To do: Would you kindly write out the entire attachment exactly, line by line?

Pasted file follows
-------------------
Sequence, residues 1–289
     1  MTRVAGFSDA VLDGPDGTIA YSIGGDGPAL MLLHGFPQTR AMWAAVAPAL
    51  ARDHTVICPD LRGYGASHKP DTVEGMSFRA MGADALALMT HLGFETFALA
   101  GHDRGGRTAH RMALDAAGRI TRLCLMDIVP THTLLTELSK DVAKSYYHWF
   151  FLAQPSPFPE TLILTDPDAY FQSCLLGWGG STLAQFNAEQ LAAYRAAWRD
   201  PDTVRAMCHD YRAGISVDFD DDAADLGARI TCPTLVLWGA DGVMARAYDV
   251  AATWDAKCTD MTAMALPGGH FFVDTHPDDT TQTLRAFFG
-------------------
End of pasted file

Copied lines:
Sequence, residues 1–289
     1  MTRVAGFSDA VLDGPDGTIA YSIGGDGPAL MLLHGFPQTR AMWAAVAPAL
    51  ARDHTVICPD LRGYGASHKP DTVEGMSFRA MGADALALMT HLGFETFALA
   101  GHDRGGRTAH RMALDAAGRI TRLCLMDIVP THTLLTELSK DVAKSYYHWF
   151  FLAQPSPFPE TLILTDPDAY FQSCLLGWGG STLAQFNAEQ LAAYRAAWRD
   201  PDTVRAMCHD YRAGISVDFD DDAADLGARI TCPTLVLWGA DGVMARAYDV
   251  AATWDAKCTD MTAMALPGGH FFVDTHPDDT TQTLRAFFG